North America, Mexico, West Indies, Central America, South America, and Oceania.
The Bird-of-paradise, Strelitzia reginae Aiton, of the closely related family Strelitziaceae, is an acaulescent rhizomatous herb often cultivated in the western and southern United States. It is not known to reproduce outside of cultivation, but it can persist for very long periods on abandoned ground in southern California. Its leaves are in two ranks; the sheaths do not overlap and do not form a pseudostem. The petioles are long, and the blades are glabrous but often strongly glaucous, and have parallel lateral veins diverging from a prominent midrib. The inflorescence is a single cincinnus, enclosed within a large bract, with the mature flowers projecting laterally. The perianth is large and showy, with three orange sepals and three dark blue petals; one petal is short, the other two are long and enfold the style and the five fertile stamens, forming a prominent arrow-shaped structure. The fruit is a many-seeded capsule.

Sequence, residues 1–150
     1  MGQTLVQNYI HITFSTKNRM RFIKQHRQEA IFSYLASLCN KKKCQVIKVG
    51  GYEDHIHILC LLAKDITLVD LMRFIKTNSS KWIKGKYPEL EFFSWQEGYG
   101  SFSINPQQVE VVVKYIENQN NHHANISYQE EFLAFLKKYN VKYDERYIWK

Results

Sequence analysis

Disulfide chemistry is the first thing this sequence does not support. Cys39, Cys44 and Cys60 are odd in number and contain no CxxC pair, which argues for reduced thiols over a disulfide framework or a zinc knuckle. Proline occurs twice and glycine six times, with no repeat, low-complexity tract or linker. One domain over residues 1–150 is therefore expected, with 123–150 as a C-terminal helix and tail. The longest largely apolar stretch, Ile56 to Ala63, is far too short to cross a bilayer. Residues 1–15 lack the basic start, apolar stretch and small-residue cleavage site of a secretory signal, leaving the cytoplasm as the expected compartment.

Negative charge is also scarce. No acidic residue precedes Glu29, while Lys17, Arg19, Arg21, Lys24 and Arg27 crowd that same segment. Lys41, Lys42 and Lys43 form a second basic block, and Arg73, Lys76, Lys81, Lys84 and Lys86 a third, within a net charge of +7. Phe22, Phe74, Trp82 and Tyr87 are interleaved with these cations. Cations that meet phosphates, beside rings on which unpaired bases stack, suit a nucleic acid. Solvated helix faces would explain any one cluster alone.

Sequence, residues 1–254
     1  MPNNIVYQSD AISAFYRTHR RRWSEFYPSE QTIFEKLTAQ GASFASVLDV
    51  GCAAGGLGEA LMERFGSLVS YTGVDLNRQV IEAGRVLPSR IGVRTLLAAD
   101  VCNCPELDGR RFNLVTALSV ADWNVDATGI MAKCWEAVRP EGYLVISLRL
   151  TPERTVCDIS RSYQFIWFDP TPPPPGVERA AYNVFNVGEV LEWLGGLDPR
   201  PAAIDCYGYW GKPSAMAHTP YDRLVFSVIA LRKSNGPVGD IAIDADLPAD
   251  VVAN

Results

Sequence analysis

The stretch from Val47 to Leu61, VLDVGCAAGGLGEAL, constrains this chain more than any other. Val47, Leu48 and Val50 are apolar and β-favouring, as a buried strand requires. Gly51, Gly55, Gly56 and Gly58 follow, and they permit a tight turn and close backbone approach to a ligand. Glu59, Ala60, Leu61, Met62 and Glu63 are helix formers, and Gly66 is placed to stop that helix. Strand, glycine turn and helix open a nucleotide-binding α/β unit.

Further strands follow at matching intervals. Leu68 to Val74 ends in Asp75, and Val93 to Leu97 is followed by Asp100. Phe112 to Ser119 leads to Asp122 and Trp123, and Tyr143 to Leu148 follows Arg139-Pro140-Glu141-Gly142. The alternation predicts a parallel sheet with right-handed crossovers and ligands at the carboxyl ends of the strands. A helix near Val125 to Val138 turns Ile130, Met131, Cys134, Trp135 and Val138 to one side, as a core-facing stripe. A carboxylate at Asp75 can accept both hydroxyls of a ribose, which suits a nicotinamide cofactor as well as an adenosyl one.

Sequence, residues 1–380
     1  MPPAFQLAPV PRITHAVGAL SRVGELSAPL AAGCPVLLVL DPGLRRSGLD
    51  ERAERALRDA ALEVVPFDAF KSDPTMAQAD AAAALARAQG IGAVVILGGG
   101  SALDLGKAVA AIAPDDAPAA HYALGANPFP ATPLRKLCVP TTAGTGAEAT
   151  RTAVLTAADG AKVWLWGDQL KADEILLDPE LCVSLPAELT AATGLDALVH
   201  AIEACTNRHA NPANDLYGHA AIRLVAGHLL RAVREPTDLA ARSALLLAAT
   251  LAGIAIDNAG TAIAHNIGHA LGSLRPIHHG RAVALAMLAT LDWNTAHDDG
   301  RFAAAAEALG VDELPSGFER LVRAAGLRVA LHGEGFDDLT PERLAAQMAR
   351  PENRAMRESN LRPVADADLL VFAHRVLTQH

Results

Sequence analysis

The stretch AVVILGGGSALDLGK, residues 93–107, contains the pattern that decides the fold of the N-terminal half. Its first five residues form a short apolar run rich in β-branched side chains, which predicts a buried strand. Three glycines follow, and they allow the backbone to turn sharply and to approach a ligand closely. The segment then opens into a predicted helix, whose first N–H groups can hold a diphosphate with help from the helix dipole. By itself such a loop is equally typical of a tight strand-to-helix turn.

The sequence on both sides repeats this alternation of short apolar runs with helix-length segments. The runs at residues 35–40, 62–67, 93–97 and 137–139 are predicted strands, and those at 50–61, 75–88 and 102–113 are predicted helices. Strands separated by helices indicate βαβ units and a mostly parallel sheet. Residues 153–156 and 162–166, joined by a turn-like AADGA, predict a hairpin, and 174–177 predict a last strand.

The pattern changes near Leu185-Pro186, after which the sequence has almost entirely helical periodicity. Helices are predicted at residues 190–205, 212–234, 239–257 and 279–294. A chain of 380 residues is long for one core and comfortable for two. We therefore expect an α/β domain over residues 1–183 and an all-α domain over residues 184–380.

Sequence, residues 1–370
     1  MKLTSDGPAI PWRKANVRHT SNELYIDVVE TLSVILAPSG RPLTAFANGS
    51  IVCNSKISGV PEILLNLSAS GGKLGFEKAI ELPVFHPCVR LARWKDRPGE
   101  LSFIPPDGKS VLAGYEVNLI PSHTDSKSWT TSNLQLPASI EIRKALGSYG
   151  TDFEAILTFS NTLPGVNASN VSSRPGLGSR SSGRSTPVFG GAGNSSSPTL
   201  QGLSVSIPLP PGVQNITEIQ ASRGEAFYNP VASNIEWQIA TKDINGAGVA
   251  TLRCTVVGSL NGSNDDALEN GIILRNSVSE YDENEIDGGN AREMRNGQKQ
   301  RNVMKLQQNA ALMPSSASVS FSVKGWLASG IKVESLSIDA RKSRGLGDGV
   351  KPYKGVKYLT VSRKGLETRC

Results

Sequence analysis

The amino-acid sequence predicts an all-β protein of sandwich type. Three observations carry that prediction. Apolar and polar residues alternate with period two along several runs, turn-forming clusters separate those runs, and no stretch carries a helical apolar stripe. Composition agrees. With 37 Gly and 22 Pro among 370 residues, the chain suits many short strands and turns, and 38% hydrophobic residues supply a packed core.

Genus Genera 1, species 225 (1 species in the flora).
|Author||W. John Kress + and Alan T. Whittemore +|
|Authority||(A. Richard) Nakai +|
|Common name||Heliconia +, False Bird-of-paradise +, Family +, Heliconia Family + and or Lobster-claw Family +|
|Distribution||North America +, Mexico +, West Indies +, Central America +, South America + and and Oceania. +|
|Illustration copyright||Flora of North America Association +|
|Illustrator||John Myers +|
|Source xml||https://email@example.com/aafc-mbb/fna-data-curation.git/src/f50eec43f223ca0e34566be0b046453a0960e173/coarse grained fna xml/V22/V22 580.xml +|
|Taxon family||Heliconiaceae +|
|Taxon name||Heliconiaceae +|
|Taxon rank||family +|
|Volume||Volume 22 +|